Social-constructivism is another diversity concept that integrates other learning processes. It entails acquiring knowledge and skills using communication among students. Teachers encourage learning processes that allow students to engage amongst themselves. The l learning approach assimilates students from different cultural backgrounds (Al-Natour, et al. 2015). Essentially, the method ensures that children acquire inherent communication skills in a multicultural environment. Learners in such environments explore communication skills from other students to make meaning. Understanding each other not only promotes communication and learning but also ensures that students develop skills related to conflict mitigation.

Cultural diversity affects the learning process of students in special education institutions. Language barrier affects the English learning skills of communication. Students of special education express cultural differences in different types of conflicts. Students who come from indigenous non-Native English speaking communities express a cultural difference in conflicts. Attacks on the beliefs of these students lead to verbal and physical confrontations in higher learning institutions.

Comments on Peers’ Work

Culture and special education are influenced greatly by the diverse backgrounds of students. Students from regions that are plaque by wars among other dangers who need higher education flee their homeland to access higher learning institutions. In essence, cultural diversity plays a key in identifying an individual. Cultural identity interferes with the normal learning process of students in need of special education. For instance, the language barrier is a great challenge for students who come from different parts of the world (Dose, et al. 2018). This does not imply that this category of students should be segregated and denied an opportunity to learn. Teachers should not focus on teaching skills only but teachers also consider using skills in traditional knowledge. Cultural identity should not be a barrier to acquiring knowledge among students in need of special education.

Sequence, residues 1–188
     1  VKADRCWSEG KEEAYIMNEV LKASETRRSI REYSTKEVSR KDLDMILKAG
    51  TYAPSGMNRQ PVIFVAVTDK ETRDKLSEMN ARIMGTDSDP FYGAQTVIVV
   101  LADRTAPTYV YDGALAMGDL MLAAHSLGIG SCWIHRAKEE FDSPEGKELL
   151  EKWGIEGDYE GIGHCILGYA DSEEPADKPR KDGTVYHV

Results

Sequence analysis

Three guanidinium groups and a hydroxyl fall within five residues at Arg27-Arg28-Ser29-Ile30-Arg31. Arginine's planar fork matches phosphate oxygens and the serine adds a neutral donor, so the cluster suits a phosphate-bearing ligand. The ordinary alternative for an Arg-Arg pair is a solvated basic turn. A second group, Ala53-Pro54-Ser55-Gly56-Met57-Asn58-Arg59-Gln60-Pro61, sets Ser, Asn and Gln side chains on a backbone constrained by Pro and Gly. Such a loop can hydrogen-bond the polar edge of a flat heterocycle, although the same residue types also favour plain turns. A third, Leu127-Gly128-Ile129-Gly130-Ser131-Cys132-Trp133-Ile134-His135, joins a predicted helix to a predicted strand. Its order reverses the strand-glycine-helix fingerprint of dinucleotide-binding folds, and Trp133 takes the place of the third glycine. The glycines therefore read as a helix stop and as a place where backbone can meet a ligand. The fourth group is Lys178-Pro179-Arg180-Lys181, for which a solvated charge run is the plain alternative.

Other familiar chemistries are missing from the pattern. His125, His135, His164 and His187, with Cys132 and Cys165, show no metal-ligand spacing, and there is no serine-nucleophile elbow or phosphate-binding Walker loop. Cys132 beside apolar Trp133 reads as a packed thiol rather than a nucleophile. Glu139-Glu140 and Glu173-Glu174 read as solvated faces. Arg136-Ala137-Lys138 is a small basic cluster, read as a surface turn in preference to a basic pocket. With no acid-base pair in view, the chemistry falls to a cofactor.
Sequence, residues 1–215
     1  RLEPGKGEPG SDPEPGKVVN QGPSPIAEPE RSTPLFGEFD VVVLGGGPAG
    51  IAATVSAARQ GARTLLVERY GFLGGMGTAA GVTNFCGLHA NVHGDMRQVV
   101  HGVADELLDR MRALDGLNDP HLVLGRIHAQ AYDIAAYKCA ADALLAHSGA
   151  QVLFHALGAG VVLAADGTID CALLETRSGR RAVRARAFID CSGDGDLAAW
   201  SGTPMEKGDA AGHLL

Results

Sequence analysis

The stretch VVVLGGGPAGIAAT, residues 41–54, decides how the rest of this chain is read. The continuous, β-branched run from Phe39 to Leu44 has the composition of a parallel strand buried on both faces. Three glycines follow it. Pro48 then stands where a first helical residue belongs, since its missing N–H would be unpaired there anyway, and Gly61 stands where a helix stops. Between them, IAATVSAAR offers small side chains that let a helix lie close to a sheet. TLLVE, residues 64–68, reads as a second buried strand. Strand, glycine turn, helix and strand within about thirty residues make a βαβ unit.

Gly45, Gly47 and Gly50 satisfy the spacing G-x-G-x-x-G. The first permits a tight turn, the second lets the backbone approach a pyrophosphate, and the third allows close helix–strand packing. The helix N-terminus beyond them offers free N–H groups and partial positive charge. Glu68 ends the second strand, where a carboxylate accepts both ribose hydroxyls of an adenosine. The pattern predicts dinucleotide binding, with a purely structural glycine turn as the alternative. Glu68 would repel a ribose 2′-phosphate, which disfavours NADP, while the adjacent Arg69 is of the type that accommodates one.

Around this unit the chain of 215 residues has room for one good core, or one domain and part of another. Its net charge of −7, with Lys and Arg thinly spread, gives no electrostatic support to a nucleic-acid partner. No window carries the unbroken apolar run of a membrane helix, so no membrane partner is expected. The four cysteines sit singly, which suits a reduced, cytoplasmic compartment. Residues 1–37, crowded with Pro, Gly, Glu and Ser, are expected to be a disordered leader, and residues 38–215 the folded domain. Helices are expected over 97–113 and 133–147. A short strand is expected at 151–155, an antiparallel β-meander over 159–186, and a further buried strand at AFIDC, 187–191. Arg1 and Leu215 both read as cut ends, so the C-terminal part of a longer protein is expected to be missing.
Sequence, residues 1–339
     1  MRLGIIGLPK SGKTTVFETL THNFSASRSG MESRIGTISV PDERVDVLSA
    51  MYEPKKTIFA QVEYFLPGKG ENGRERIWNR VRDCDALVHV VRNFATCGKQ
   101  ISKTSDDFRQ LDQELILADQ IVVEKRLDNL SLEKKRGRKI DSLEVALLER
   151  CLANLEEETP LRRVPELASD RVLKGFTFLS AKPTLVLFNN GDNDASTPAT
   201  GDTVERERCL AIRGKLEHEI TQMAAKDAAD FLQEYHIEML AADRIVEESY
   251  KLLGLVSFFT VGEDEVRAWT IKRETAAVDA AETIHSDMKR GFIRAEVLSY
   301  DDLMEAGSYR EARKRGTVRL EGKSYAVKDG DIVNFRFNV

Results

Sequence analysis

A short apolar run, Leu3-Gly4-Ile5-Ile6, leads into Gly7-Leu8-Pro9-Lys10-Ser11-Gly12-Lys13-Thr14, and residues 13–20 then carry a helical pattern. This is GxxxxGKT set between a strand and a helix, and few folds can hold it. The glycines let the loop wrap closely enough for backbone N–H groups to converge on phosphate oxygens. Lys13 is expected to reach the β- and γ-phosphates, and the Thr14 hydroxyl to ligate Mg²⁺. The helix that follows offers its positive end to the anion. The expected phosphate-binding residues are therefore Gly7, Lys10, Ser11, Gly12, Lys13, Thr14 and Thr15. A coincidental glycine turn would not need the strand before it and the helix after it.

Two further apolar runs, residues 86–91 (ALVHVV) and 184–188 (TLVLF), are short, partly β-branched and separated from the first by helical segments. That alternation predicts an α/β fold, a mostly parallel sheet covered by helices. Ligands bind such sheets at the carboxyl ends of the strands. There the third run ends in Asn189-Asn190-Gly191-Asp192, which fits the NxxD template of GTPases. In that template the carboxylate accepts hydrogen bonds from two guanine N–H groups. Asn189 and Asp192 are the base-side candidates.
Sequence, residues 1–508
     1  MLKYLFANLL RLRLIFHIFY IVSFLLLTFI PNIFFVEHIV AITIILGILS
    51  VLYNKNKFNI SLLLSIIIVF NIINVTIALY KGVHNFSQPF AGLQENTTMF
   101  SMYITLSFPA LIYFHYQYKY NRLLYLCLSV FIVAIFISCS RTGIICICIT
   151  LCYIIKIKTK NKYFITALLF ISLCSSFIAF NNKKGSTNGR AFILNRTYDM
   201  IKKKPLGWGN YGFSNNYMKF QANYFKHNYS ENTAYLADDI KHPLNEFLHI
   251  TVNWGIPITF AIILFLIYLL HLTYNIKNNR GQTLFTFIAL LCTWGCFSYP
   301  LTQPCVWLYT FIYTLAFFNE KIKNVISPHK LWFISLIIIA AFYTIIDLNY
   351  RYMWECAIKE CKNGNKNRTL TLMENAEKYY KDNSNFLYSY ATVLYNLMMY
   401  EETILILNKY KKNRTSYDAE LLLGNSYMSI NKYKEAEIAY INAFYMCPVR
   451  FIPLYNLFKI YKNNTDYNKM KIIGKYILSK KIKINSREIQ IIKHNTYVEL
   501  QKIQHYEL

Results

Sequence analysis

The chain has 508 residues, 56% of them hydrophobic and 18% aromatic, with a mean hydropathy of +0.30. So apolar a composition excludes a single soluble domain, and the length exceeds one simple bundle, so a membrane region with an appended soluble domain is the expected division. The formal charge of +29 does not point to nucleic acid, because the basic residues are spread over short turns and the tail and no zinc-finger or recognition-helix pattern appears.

Research has identified cultural attributes that hamper effective learning among students in multicultural backgrounds. Most research has provided recommendations for improving learning processes among culturally diverse students. For instance, teachers are encouraged to ensure that students communicate in a formal language that is relevant to an economy. A formal language ensures that learners perceive themselves as equal to others. sometimes a formal learning process benefits a few students (Al-Natour, et al. 2015). Native English speakers develop from such learning institutions as they enjoy using their first language for social interaction. Teachers and researchers should consider identifying specific learning theories that create an equal learning environment. This should include considering practical lessons that improve technical skills among all students. Social behavior during practical lessons aids teachers in enhancing learning theories such as cognitivism and social-constructivism.



Al-Natour, M., Amr, M., Al-Zboon, E., & Alkhamra, H. (2015). Examining Collaboration and     Constrains on Collaboration between Special and General Education Teachers in         Mainstream Schools in Jordan. International Journal of Special Education30(1), 64-77.

Dose, D., Walsh, G., Ruvio, A., & Segev, S. (2018). Investigating links between cultural                          orientation and culture outcomes: Immigrants from the former Soviet Union to Israel and Germany. Journal of Business Research82, 281-289.